Ocean of Belonging

Aisan temple frame in the ocean.

Posted on February 23, 2024 by Jenn Zatopek

Is it inevitable that I’d embrace Zen, given that I’m a Native North Texan? I’ve been reflecting on the nature of choice, especially after returning home a few weeks ago from visiting Mountain Cloud Zen Center in Santa Fe where I met many of my online friends IRL and walked the mountainous terrain behind the zendo between dharma talks and short periods of silence. How did I get here? Days after returning home from the retreat in Santa Fe, I have a sudden urge to write at the Kimbell Art Museum and head out the door with my purse and notebook in hand. A part of me suspects the museum holds a key to my inquiry.

I’m lucky to live just minutes away, in a tree-lined neighborhood off Camp Bowie Boulevard, the red-bricked street leading directly to the arts district where the Kimbell stands as a well-known focal point in Fort Worth. A thing of beauty itself, the museum is a large and elegant concrete building roofed with six arches made of steel and aluminum, allowing sunlight and artificial light to mingle together softly inside the main floor and the two permanent art collections. 

When I arrive today, I park in the back and miss the glorious front of the building, where a grove of manicured trees stands between the arches which act as huge porches flanking either side of the entrance. Near the glass doors, you can sit on the cool concrete benches and admire the water flowing in the rimless pools nearby or gaze outward at the rolling green acreage. I’ve seen lovers embrace and weddings here too, so it’s always a mystery what you might see.

I don’t have time to consider mystery because I’m hit with it soon upon arrival. After greeting the staff at the back door, I walk up the double staircase with the smooth steel banisters and jolt in surprise. There she is, the dusky brown Venus de Milo statue, regal in her nakedness. She used to be in the tiny courtyard on the other side of the museum but now lives in this one by the cafe. Suddenly I’m awash in memories of visiting here as a child with my father, the museum a refuge from the chaos of living at home with my father and his untreated mental illness. Shy and awkward, I desperately wanted to belong and feel beautiful, something I won’t feel for decades, but I don’t know that yet. I just remember the statue being gargantuan as a kid, looking up at Venus in wonder, and now here I am, a beautiful woman myself, seeing Venus almost like an equal, an old friend. Shunyu Suzuki wrote “each one of us is in the midst of a myriad of worlds,” and I stumbled into one of mine today.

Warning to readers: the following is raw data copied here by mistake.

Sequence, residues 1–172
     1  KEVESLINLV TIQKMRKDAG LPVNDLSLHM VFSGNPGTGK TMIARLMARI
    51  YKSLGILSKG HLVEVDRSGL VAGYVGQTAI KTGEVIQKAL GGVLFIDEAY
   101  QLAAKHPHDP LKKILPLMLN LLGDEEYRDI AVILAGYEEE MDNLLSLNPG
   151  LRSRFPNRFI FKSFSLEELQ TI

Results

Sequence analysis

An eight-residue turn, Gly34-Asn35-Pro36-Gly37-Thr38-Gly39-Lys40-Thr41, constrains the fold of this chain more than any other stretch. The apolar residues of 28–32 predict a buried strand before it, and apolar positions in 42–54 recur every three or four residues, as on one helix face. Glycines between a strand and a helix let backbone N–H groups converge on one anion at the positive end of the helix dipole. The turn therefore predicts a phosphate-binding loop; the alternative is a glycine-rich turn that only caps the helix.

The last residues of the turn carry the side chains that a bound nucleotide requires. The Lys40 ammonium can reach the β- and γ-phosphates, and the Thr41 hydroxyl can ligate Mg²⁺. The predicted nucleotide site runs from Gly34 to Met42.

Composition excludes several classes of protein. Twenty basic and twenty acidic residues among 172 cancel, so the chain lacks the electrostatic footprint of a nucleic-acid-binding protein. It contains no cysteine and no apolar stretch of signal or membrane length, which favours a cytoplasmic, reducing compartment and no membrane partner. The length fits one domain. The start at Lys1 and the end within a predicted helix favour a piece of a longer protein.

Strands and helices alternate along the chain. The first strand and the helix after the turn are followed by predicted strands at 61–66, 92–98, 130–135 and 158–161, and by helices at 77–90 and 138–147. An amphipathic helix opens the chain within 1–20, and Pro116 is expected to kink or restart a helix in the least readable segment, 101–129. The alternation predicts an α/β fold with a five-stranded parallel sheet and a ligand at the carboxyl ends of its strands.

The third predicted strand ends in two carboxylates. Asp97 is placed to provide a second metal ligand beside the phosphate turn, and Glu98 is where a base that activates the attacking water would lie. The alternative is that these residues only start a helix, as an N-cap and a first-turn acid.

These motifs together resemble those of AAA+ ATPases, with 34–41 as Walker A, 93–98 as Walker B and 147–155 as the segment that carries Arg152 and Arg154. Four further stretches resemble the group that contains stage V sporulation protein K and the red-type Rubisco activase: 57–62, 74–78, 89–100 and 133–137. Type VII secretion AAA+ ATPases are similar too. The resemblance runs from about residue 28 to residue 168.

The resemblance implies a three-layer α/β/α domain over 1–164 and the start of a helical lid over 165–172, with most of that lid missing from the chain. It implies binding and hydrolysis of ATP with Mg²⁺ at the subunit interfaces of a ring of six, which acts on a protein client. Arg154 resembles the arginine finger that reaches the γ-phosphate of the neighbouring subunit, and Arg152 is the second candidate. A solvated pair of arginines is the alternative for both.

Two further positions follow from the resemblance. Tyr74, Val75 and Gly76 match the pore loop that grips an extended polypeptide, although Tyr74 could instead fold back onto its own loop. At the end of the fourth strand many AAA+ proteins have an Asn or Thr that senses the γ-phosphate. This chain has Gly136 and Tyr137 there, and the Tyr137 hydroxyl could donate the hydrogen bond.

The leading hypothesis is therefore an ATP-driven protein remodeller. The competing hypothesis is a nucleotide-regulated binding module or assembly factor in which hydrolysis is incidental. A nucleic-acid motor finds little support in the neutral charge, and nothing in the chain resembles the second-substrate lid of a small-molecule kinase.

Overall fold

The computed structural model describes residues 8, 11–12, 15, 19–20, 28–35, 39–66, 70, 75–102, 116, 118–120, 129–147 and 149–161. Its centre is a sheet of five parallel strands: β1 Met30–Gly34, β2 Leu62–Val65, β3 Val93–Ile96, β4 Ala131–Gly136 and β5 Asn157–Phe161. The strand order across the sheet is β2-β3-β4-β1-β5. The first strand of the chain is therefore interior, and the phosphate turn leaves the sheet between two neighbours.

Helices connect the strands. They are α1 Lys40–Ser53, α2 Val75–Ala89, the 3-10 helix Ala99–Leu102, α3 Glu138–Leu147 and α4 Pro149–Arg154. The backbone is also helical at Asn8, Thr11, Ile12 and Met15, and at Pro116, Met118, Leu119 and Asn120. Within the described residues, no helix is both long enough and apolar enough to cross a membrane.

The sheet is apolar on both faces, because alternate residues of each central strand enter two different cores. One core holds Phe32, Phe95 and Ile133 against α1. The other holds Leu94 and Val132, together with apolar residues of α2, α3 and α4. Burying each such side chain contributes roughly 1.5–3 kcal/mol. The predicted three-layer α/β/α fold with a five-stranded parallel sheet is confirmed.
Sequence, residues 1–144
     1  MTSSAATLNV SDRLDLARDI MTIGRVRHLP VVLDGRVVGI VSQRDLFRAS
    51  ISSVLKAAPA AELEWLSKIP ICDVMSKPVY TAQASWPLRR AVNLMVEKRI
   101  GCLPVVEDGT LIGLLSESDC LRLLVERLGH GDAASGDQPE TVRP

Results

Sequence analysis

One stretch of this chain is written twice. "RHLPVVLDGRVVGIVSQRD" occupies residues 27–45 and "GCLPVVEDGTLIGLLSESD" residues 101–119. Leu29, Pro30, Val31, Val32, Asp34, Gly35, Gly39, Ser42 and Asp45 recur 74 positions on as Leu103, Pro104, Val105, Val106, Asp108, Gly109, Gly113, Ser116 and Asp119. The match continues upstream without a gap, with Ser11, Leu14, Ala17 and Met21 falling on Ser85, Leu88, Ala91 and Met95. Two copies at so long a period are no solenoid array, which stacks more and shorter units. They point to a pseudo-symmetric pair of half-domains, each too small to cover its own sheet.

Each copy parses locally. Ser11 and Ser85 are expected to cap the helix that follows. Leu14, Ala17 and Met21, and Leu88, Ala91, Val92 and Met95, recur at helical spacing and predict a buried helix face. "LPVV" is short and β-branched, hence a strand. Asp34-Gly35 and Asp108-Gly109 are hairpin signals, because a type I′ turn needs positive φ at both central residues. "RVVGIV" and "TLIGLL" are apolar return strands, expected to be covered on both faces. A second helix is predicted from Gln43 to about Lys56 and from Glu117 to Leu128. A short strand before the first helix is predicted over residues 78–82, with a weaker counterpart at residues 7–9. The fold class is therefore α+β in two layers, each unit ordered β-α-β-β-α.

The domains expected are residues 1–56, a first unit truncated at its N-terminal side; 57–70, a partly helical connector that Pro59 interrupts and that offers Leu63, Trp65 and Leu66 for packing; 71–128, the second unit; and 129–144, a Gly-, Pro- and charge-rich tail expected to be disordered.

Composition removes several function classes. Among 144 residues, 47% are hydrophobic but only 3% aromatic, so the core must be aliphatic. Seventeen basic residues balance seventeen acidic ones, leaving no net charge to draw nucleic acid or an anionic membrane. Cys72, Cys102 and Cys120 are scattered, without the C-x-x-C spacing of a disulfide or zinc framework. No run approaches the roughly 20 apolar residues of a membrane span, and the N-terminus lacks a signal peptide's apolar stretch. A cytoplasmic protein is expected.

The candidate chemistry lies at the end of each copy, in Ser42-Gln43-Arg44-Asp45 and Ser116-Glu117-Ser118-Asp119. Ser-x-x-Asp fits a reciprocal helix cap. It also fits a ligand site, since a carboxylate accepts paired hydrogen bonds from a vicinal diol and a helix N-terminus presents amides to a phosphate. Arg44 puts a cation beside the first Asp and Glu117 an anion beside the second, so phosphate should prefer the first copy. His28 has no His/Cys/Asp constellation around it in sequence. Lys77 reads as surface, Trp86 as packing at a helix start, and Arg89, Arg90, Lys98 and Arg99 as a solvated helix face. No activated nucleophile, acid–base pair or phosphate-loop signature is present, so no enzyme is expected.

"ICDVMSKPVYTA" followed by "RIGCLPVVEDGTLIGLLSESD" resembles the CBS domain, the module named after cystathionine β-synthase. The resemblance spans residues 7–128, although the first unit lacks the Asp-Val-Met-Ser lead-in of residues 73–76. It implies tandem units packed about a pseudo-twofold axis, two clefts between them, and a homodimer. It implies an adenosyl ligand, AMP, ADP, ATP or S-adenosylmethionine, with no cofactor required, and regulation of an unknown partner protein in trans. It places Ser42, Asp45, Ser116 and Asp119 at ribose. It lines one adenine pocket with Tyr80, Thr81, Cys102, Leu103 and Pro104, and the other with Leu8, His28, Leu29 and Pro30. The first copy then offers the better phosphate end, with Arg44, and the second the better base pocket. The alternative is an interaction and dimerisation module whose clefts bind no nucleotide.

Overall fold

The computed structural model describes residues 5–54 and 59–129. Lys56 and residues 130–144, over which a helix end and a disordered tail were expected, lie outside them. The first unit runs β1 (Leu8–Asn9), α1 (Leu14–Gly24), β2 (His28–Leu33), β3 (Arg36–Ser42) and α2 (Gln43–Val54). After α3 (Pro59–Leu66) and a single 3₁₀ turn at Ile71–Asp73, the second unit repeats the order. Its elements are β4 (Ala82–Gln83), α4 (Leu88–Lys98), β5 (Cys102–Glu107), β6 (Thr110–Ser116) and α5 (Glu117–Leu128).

People are behind me so the reverie is only seconds long, but that world I touched is as close as my heartbeat as I head into the Asian art gallery where the lighting is dim and the people are few. Walking slowly around the room with the tall vaulted ceilings, I admire an old terracotta Buddha statue that once adorned a monastery in India and smile at my good fortune. Feeling grateful, I drift over to the twenty-inch bodhisattva Aviloketeshvara, the compassionate one with many arms who holds tools and gifts to be of service to the world, the placard reads. I smile again as I plop down on a plush bench and stare up at a gorgeous Japanese panel depicting life in Kyoto, the gold background highlighting the delicate paintings of villagers hauling water, cultivating gardens, farming animals, worshiping at the temple. I don’t know how long I stare up at the panel, but I write quickly, overjoyed to recall the marvelous time I had at the Santa Fe zendo with new friends and old, the museum’s quiet nourishing me the same way my Zazen sits do. 

A possible answer arises from my subconscious, on the Zen path I’ve chosen. Visiting this museum since childhood, I feel as if these concrete walls, shiny wooden floors, gorgeous paintings, treasured relics live inside my bones too. Perhaps the gradual exposure over the decades to the glories in the Asian art collection have softened my heart to the path. And while I’d prefer easy answers, I let myself bathe in not knowing the exact causes for why I’m Zen now as I walk around the gallery.

What I can know and trust is the transformation of my heart that’s taking place. Becoming Zen feels like a crossing over, a homecoming, a sense of being called to through the eons of time, perhaps from this Asian art gallery or elsewhere, the Zen practice alive in mystery. Does that make any rational sense? Probably not to anyone outside the path, but it does to me, a Jewish forty-something woman who stumbled finally into a deep and nourishing ocean of belonging.

Image: Photo by Takeshi Yu on Unsplash

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